Religion always has been and always will be a controversial subject that will draw all sorts of opinions. Teenagers are at an age where they are becoming aware of the realities of the world for the first time, and one of the big revelations that they will face is about religion. Russian filmmaker, Kirill Serebrennikov’s latest film, The Student, doesn’t shy away from the confrontational realities of being outspoken about your religious beliefs and what happens when you speak out against those who view the world differently.
Adapted from the play, Martyr, by Russian playwright, Marius Von Mayenburg, The Student explores high school boy, Venya’s (Pyotr Skvortsov) religious awakening, and his heavy handed methods of expressing his beliefs at school. Venya frequently clashes with his agnostic but Jewish-born science teacher, Elena (Victoria Isakova), whom unsuccessfully tries to teach her class about sex and evolution with Venya preaching about the religious ramifications on these subjects. Both Venya’s mother (Julia Aug) and principal (Svetlana Bragarnik) interject with their strong opinions, resulting in clashes across the board.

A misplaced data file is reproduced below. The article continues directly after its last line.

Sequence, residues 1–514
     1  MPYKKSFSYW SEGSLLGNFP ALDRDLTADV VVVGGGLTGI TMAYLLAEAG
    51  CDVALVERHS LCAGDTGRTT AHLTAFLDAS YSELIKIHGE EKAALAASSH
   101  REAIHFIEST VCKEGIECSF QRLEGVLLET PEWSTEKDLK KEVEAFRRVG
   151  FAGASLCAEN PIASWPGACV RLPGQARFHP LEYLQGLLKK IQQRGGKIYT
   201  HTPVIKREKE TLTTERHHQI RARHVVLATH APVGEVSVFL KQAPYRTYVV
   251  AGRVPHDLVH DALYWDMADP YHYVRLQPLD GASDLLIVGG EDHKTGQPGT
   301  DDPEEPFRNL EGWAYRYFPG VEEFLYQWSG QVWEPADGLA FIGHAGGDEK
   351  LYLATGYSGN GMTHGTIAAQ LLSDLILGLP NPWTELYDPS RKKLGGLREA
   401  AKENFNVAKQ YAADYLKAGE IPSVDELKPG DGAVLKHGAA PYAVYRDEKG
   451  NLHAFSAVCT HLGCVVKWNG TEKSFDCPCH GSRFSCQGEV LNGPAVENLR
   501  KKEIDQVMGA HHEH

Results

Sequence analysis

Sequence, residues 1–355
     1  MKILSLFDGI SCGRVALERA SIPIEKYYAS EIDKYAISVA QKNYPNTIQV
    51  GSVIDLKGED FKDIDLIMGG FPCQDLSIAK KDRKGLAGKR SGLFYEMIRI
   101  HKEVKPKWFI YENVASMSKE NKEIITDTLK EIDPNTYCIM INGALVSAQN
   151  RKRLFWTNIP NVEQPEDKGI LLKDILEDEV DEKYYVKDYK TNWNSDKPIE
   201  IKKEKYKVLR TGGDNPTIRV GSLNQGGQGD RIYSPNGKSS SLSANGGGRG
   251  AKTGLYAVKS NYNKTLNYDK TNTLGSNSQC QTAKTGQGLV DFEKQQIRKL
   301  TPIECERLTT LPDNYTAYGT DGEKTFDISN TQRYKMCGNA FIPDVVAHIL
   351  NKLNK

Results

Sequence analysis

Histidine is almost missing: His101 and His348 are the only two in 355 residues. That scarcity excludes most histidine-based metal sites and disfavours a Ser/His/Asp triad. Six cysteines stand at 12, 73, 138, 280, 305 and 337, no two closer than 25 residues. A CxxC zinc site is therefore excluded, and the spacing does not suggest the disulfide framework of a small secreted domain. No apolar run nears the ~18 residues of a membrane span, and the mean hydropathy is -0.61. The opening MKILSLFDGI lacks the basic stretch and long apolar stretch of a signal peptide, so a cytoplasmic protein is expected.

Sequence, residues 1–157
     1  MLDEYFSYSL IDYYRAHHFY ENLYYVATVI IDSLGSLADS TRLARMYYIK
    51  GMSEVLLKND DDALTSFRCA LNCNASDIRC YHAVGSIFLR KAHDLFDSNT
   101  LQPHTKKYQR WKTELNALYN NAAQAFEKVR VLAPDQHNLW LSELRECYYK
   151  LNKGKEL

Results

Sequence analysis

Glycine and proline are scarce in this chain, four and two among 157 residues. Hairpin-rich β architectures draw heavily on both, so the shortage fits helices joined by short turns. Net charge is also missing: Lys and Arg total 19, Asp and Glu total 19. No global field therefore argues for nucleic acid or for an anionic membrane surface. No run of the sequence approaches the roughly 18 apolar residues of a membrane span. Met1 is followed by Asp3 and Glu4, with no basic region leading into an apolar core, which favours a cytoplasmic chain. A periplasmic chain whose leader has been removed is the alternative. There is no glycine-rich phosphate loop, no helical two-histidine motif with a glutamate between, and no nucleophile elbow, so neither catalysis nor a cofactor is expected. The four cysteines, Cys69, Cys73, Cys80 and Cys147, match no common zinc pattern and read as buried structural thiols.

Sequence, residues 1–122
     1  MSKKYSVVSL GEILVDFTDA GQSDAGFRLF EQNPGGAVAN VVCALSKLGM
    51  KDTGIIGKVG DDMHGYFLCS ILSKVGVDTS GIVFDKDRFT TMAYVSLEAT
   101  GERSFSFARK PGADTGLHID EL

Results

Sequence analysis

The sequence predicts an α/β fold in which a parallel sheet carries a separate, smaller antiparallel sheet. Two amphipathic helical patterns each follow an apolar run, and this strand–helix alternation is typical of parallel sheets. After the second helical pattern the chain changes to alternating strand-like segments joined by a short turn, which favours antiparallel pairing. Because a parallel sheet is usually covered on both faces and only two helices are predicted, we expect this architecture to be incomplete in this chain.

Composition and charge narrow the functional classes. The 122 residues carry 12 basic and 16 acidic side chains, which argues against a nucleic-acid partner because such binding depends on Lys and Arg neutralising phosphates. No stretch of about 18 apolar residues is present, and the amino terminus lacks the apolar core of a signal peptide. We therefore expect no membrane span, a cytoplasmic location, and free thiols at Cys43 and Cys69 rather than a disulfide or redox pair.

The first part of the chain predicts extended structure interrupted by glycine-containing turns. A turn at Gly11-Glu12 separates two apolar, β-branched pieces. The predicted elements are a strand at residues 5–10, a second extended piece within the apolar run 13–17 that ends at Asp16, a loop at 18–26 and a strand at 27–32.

The Student is like a Lars Von Trier coming of age movie – it’s all dim lighting, bland colours, and confrontational subject matter. It’s also not unlike an aggressive male version of the similarly themed German film, Stations Of The Cross, in which a teenage girl follows her blind faith in God to her ultimate demise. Either way, The Student is very grim.
The acting is phenomenal all around, but especially from Skvortsov and Isakova. The audience will feel intimidated by Skvortsov and his character’s fundamentalist ways, and Isakova’s performance is absolutely heartbreaking. Their scenes together are the most aggressive, specifically when Venya objects to Elena’s teachings by getting naked in class during a sexual education lesson; he also dresses as an ape to mock Elena’s beliefs in evolution. Whether you are religious, atheist, or somewhere in between, The Student is gripping and thought provoking.
Originally published here at filmink.com.au on Wednesday 12 October 2016